Friday, March 25, 2011

The Solemnity of the Annunciation - Mary, Did You Know?

Weyden18_1Mary did you know, that your baby boy
Is Lord of all creation?

Mary did you know, that your baby boy
Will one day rule the nations? 

Did you know, that your baby boy
Was Heaven's perfect Lamb?

And this sleeping Child you're holding
Is the Great I AM

From the song Mary, Did You Know?  lyrics by Mark Lowry

Jimmy Akin writes,
"I know a lot of people like this song . . . and I am NOT trying to get anyone all twisted up about it, but I have to get something off my chest . . . .
Every time I hear this song, I want to stand up and holler "YES, Mary knew! If ANYONE knew, she did!!"

Jimmy Akin also says this,
"In my mind, the song conjures up an image of Mary as a nonplussed and naive young girl, caught up in events she can't comprehend or control. This is not surprising, since the song was written by a Protestant Evangelical and this is the prevailing view of Mary among Protestants."

I guess I am pretty good at weaving the truth into my interpretation of songs. (Case in point: "I Come to the Garden Alone."  I rationalize that we all "come to Jesus alone" -- the fact that we are one body in Christ is perfectly understood and simpatico with my interpretation of the song LOL). But back to the topic at hand . . .  I love Jimmy Akin's 2005 post about this!

As Jimmy Aikin suggests - look at the first chapter of Luke's gospel:

And Mary said:
   "My soul glorifies the Lord
    and my spirit rejoices in God my Savior,
for he has been mindful
      of the humble state of his servant.
   From now on all generations will call me blessed,
    for the Mighty One has done great things for me—
      holy is his name.
His mercy extends to those who fear him,
      from generation to generation.
He has performed mighty deeds with his arm;
      he has scattered those who are proud in their inmost thoughts.
He has brought down rulers from their thrones
      but has lifted up the humble.
He has filled the hungry with good things
      but has sent the rich away empty.
He has helped his servant Israel,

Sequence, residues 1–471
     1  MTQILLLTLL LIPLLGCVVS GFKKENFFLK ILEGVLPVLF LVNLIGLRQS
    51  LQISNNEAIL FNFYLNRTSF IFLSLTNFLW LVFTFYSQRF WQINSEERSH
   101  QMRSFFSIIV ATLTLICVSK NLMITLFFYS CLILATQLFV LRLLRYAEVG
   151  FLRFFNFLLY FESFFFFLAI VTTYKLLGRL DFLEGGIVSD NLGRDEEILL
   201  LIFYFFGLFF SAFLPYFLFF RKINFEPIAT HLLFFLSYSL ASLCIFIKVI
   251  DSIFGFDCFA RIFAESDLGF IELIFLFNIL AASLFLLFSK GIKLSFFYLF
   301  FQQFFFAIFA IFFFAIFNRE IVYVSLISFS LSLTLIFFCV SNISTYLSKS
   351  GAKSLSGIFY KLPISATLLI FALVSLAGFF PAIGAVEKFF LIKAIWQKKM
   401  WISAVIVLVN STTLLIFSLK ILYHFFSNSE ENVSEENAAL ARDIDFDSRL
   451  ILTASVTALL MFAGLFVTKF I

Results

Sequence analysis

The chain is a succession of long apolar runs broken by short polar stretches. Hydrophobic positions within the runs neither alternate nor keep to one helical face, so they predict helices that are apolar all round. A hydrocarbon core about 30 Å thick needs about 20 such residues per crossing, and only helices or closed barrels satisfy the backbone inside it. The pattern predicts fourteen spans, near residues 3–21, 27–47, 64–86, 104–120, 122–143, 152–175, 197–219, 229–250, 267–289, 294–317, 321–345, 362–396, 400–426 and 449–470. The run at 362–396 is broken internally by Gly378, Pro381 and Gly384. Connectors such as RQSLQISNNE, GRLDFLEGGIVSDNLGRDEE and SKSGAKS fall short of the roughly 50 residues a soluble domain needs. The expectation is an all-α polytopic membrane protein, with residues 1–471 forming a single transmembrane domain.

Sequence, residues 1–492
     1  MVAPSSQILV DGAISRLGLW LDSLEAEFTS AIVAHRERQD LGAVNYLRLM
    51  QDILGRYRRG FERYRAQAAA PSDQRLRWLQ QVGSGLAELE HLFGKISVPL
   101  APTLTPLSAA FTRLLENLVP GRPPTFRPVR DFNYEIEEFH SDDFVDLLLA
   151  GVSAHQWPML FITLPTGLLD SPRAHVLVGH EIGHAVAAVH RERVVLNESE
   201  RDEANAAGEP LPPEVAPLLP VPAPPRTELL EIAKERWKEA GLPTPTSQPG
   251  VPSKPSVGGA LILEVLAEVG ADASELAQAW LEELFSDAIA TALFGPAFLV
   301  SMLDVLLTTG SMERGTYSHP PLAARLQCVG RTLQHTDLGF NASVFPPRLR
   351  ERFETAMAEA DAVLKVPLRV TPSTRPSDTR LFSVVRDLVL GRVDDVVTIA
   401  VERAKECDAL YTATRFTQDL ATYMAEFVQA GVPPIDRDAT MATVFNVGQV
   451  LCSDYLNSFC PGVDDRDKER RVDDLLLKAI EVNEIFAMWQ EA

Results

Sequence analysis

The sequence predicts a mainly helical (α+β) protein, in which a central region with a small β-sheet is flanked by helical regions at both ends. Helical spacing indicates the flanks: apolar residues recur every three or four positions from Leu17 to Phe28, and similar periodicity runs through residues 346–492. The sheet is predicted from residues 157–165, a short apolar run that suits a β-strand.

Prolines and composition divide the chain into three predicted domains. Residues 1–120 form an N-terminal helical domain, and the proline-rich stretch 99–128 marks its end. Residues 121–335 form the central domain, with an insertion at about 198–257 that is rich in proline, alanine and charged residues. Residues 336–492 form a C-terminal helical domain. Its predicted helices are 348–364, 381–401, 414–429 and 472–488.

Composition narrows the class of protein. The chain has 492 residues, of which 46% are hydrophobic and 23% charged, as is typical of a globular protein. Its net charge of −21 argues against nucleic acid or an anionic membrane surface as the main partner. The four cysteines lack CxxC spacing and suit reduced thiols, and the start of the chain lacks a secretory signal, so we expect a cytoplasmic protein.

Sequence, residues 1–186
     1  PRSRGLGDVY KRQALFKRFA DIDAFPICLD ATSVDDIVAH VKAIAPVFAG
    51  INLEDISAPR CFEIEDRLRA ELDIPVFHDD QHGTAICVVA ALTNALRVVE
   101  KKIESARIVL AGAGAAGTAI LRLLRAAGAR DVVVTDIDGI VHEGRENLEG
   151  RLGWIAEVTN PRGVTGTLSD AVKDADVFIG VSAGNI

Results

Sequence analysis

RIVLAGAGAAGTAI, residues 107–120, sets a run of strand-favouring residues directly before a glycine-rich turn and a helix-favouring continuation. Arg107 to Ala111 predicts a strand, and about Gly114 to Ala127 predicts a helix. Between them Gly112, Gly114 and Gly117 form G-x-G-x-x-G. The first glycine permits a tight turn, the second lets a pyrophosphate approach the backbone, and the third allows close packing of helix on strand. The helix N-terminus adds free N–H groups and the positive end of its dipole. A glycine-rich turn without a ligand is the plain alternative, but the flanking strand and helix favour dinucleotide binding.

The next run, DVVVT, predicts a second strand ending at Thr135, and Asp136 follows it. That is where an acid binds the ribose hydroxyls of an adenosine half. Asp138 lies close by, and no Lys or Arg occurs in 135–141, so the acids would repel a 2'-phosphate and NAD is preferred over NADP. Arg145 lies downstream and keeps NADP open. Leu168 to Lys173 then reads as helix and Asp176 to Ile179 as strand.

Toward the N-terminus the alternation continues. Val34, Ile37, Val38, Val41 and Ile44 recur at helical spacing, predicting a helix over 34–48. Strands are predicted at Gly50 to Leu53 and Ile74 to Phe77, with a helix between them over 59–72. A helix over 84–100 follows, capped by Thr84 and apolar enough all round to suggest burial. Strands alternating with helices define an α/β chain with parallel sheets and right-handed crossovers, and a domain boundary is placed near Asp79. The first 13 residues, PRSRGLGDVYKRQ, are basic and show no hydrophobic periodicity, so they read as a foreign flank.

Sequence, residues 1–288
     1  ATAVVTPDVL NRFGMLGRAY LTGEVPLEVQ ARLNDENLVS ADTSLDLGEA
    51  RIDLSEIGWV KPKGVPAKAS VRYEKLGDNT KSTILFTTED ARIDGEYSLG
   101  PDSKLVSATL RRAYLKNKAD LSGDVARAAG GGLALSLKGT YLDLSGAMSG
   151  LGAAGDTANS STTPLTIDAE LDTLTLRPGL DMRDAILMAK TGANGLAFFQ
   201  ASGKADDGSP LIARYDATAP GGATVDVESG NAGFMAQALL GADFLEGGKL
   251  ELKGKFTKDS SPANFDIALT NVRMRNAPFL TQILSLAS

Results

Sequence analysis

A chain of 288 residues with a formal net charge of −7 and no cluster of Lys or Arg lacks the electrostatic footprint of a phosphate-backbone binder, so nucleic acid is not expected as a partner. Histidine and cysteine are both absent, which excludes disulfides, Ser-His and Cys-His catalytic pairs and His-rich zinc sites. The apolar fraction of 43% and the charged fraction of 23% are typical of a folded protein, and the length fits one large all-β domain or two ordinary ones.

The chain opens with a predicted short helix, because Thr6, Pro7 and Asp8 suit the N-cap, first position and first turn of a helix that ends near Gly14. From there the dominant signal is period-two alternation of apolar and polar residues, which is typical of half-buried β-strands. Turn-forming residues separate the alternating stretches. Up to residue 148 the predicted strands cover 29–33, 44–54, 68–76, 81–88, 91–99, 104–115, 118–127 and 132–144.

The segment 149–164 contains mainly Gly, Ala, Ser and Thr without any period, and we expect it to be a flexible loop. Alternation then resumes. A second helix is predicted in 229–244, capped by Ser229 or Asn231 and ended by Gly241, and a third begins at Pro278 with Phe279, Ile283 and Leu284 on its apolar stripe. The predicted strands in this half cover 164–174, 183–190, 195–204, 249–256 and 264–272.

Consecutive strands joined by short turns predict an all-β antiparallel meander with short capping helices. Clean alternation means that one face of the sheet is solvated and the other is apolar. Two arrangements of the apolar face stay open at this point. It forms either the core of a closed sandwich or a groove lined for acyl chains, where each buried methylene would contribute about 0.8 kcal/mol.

remembering to be merciful
to Abraham and his descendants forever,
      even as he said to our fathers."

I interpret the song lyrics to be my awe in Mary's decision. I picture myself humbly asking her,  "Did you know," and in the same breath (although this is not in the lyrics) I continue and answer. 
"Of course you knew. Thank you for saying, 'Yes,' sweet Mother of God. Thank you."

The song really does express what my thoughts have often been -- granted, I was raised with a Methodist and Catholic upbringing (but that's another story).

Why do I picture myself asking her that - as the song is leading me to do?  
I believe it is because the song reflects my great reverance -- my very honest inquiry -- because I do know that I sin and in those many sins I am NOT saying yes to God.
It makes me question my own actions as I identify with Our Holy Mother. I remember that we are so incredibly blessed to have her as Our Mother.

I like how Jimmy Akin continues in his 2005 post:
He says, "Now, even if I didn't believe that Mary was born without sin, after reading her Magnificat, I would begin to suspect that this was no ordinary little Jewish girl. She was perhaps 16 (give or take a year or two) at the time.
How many sixteen-year-olds do you know who would put together a psalm of praise like that?
Mary's Magnificat demonstrates that she not only knew who Jesus was, but what he meant to the nation of Israel and to the world. 

Consider what the angel told her, also from Luke 1:
'He will be great and will be called the Son of the Most High. The Lord God will give him the throne of his father David, and he will reign over the house of Jacob forever; his kingdom will never end.'

But Mary had not just been told who Jesus was, she had direct experience of who he was, having been overshadowed by the Holy Spirit at his conception. She knew! Boy, did she know!

Now, I am not saying this is a bad song, or that Catholics shouldn't listen to it. I do, however, want to invite those who hear it to consider that Mary DID know precisely who Jesus was. The next time you hear, Mary, Did You Know?, go and read the first chapter of Luke, and give thanks for all that God has done for us through our Blessed Mother.

Oh, and pray a Rosary!"


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